Home Tech ‘It’s like taking a shovel to the brain’: Dark fairy tale game Indika takes aim at the Russian Orthodox Church

‘It’s like taking a shovel to the brain’: Dark fairy tale game Indika takes aim at the Russian Orthodox Church

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'It's like taking a shovel to the brain': Dark fairy tale game Indika takes aim at the Russian Orthodox Church

TO A young woman stands amid the labyrinthine architecture of a Russian nunnery. At first glance, you’d be forgiven for mistaking the scene for one from Tomb Raider. Then the woman moves, slowly and without the athletic gait of action heroine Lara Croft. Her head is bowed, wrapped in a black cloth, and her shoulders are hunched in such a way that you have to tilt the camera. so glimpse his bright, nervous eyes.

Indika, the main protagonist of this dreamlike yet eerily photorealistic adventure game, cuts a “submissive” figure according to her creative director and writer, Dmitry Svetlov, and that’s precisely the point. The Moscow-born developer set out to create a game about the ways in which, in his opinion, people have come to “hate themselves” while becoming too accustomed to “living in fear.”

In his native Russia, Svetlov partly blames the Russian Orthodox Church. It’s an institution he knows well, as he grew up in a religious home: he visited church twice a week, took communion, and even spent time in a monastery (his most lasting memory of it is of the unpleasant food). Then, in as deep an adolescent rebellion as possible, Svetlov renounced his faith.

“When you’re 15 years old and you’ve believed in something your whole life, it takes a lot of effort to change it,” he says. “It’s like taking a shovel and sticking it in your brain.”

Indika is about a young nun who questions every aspect of her equally stifling environment. The game plays out as a clever third-person walking simulator, soundtracked by her philosophical soul-searching. In one section, she debates the nature of free will with a sweet escaped prisoner named Ily, whose blackened arm is in desperate need of amputation. These discussions arose from Svetlov’s adolescence, when he was trying to persuade his believing friends of his own skeptical position. “I hardly had to write the scenes from scratch. They were already complete,” he says.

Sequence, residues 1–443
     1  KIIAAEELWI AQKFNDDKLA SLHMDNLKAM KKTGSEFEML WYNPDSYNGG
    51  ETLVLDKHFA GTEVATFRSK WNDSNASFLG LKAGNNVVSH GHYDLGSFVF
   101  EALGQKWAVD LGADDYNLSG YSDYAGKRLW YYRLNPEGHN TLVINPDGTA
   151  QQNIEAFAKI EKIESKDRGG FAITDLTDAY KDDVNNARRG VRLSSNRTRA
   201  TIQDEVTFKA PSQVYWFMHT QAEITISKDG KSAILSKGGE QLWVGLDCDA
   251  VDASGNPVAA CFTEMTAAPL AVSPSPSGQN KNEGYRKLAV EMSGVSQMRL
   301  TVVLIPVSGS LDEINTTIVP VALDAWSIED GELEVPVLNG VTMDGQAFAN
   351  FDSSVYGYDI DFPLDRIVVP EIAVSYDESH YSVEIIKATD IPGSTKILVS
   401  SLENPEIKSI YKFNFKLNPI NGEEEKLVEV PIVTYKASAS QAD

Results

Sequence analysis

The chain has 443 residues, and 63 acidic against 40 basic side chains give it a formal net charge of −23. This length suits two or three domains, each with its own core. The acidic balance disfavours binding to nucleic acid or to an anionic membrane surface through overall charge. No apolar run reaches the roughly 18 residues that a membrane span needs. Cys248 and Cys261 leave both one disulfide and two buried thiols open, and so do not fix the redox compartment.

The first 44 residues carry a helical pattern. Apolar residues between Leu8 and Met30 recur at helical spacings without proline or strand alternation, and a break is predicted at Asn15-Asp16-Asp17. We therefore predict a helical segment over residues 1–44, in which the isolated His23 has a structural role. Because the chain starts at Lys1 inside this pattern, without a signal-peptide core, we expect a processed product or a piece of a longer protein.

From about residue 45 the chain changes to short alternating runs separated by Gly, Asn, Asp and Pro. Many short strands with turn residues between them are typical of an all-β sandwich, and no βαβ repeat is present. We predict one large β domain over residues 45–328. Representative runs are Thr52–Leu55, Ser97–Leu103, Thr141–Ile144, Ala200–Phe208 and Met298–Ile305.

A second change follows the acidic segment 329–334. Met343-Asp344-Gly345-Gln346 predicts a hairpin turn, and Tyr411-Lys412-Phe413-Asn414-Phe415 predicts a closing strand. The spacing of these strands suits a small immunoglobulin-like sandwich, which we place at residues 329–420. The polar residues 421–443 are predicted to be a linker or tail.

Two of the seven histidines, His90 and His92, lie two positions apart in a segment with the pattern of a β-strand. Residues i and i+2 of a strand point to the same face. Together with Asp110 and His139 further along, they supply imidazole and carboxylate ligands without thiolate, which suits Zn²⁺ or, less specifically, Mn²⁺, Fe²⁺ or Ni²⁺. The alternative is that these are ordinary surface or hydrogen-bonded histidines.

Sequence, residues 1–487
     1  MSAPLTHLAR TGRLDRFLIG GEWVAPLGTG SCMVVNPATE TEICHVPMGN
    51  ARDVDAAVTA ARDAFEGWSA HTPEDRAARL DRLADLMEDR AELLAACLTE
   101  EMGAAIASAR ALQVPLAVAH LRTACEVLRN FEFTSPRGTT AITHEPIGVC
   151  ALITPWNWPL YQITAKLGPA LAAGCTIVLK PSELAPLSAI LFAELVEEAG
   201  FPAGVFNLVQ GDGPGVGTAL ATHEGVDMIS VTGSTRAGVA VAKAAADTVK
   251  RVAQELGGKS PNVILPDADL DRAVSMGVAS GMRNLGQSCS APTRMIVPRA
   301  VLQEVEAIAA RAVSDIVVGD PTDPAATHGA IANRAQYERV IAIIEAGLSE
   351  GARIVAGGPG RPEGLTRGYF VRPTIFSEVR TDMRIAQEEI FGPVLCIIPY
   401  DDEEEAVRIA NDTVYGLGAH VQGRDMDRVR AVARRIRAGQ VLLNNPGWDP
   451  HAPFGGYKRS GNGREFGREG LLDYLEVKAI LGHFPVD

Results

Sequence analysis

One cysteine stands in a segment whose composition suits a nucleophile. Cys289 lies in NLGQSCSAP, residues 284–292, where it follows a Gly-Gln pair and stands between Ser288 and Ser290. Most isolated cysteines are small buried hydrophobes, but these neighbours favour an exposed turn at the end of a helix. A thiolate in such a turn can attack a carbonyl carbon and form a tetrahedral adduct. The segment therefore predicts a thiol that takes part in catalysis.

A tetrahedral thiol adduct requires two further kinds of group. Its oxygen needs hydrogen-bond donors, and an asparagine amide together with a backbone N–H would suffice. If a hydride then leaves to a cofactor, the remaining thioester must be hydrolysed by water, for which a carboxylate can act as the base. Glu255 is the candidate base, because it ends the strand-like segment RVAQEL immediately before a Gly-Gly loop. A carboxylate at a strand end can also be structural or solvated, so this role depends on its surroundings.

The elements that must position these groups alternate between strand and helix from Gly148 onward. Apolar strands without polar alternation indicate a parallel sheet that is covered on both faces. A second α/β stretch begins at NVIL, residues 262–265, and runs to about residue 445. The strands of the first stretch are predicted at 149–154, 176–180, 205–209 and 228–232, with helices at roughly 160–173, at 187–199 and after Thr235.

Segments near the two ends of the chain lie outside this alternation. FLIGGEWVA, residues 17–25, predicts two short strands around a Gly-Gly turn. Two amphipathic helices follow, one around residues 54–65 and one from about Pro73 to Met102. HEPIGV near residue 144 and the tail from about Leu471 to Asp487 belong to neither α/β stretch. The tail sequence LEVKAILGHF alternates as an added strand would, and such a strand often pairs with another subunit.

Thanks to the biting and witty script, the game never becomes tedious. The less interactive sections are punctuated by spatial puzzles, and the overall experience is elevated by exquisite but unnerving environmental design that borders on the supernatural.

In a puzzle, struggling with her feelings towards her monastic life, the young woman must leave a rocky enclave that has been divided into two different planes: reality and a more fantastic realm. You can switch between them in real time, revealing a passage to an exit, soundtracked by disorienting music and narration, from vulgar, jumping electronics to deep, ominous rumbles; from the torment of the devil himself to the murmured prayers of Indika.

For Svetlov, it was important to design puzzles that seemed to tear apart Indika’s world, “because that’s precisely what’s happening to her mind at that moment.”

It is practically impossible to separate the history of the Russian Orthodox Church from the current moment in Russia. Svetlov claims with palpable disdain that the Russian Church has become “apropaganda weapon”for the government of Vladimir Putin. “The priests simply say that you must defend your country, that you must die for your country and that you will go to heaven. “It’s crazy,” he says.

Partly as a result of the war between Russia and Ukraine, most of the 14-person development studio behind Indika, Odd Meter, emigrated to neighboring Kazakhstan. Several of its employees are of recruiting age (between 18 and 30 years old), so it was a risk for them to stay.

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For the slightly older Svetlov, 38, it felt too “uncomfortable” to stay. “Even if you don’t watch television or read official newspapers, you still see a lot of propaganda on billboards and screens. It is very difficult emotionally,” he says.

In the midst of this turmoil, he and his colleagues have crafted a painful fairy tale filled with strange, ghostly details about life beyond the “easy answers” of the church and its God-fearing doctrine. “I think you can’t really love others until you learn to love yourself,” says Svetlov, a process that unfolds through Indika herself. When you reach the diabolical end of the game, she is no longer hidden: her eyes shine brighter and wilder than ever.

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